Have some 'me time'!
We don’t often deliberately make time for, and put effort into, doing things that make us feel good, or which bring us peace, contentment, calmness, fun and pleasure. However it is exactly what we should and can do. Schedule some down time to pursue creative pursuits or a hobby, perhaps setting aside a couple of nights a week for some quality "me time". And remember, be kind to yourself – quieten the critical voice.
Setting ourselves goals and challenges, whether at work or outside, such as learning a new language or a new skill, helps to build confidence and that in turn helps us deal with stress. Our brain gets a boost when we achieve things; achievement increases the neurotransmitter dopamine and purposeful activity increases serotonin.
It is therefore very helpful to plan goals every day and by continuing to learn we become more emotionally resilient. However, they need to be realistic and achievable!
It is also important that we don’t overlook the things that we have achieved. Once we reach our goals we can soon discount them as unimportant. Paying attention to our achievements, and perhaps setting new goals to work towards, can have a very positive impact on our wellbeing. Personal goals, whether long term or short term, can relate to almost anything, for example, reaching a certain level of fitness or acquiring a new qualification. Try to think of a range of activities, some which may be quiet and solitary and others which may be more active or can be done with others.
- Think about goals that you can work towards on a daily, weekly, or monthly basis on board. Make sure they are clear and well defined.
- Break your goals down into achievable steps or actions.
- Schedule the time to work on each step or put it into action.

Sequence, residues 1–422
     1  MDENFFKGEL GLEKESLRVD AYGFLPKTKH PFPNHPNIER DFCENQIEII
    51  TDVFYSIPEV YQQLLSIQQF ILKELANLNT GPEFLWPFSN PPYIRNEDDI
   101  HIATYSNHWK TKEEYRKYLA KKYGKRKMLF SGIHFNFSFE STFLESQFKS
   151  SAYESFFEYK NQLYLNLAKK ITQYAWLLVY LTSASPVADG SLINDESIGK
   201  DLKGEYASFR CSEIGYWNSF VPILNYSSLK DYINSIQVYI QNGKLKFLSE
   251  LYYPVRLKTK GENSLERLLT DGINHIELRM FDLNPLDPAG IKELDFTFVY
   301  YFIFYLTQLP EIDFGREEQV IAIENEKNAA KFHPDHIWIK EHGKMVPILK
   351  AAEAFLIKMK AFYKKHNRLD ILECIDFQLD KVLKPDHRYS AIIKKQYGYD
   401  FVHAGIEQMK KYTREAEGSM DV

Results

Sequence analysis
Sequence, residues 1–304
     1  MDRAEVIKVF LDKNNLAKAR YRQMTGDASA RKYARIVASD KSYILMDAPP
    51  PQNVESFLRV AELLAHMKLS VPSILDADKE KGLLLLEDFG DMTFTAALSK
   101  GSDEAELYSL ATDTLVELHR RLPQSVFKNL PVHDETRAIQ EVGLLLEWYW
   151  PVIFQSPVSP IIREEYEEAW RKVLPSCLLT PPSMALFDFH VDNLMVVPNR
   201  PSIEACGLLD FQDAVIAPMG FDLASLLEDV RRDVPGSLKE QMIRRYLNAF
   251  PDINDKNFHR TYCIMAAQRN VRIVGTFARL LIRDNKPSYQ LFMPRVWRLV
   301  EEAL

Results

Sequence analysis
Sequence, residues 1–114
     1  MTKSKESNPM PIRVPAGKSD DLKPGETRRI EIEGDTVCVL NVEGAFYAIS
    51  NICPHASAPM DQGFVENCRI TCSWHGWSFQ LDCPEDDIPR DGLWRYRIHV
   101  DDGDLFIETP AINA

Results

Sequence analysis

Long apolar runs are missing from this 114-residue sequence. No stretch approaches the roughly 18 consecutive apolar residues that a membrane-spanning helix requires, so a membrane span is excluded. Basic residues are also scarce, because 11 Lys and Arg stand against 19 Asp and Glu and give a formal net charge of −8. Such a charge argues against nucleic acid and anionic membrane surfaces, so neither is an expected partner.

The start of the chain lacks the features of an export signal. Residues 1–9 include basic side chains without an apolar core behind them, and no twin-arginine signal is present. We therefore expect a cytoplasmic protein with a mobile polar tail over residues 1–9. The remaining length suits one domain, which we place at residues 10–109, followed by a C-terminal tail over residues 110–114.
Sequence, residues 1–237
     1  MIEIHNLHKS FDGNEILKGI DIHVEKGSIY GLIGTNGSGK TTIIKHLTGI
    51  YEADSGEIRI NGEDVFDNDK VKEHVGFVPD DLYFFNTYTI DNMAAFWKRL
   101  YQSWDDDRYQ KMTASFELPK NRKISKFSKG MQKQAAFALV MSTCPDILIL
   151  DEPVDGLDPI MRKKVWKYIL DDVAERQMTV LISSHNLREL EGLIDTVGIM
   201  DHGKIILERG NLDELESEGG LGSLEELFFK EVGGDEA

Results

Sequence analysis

- Track and review your progress, note down what you have achieved.
Look for the positives in life, we don't always appreciate what we have and often would benefit from being ‘glass half full rather than glass half empty. When we’re busy, or we’re not feeling at our best, we often take for granted the good things in our life and it’s important to give some attention to what we treasure.
Help other people
Helping people can help put our own problems into perspective. The more we give the more resilient and happy we feel. Whilst on board opportunities might be limited, even small favours for colleagues can count; whether it's a smile, a thank you or a kind word. Back at home there might be time for volunteering locally which not only helps others and improves mental wellbeing; it also provides a chance to build new friendships.
Research also suggests that fostering a sense of gratitude enhances our wellbeing and reduces depression and anxiety.
Why not follow the Three Good Things method?
Set aside ten minutes every day at a regular time and write down three things that went well and why. It is important to keep a physical record whether by pen and paper, on your ‘phone or on your computer. The three things can be small or they can be important, it doesn’t matter. Writing about why the positive events happened may seem awkward at first, but stick with it for a short while - it will get easier and it is likely you will be less depressed, happier, and addicted to this exercise some months from now.
And express gratitude - make a point of saying thank you to people who are important, kind or helpful to you.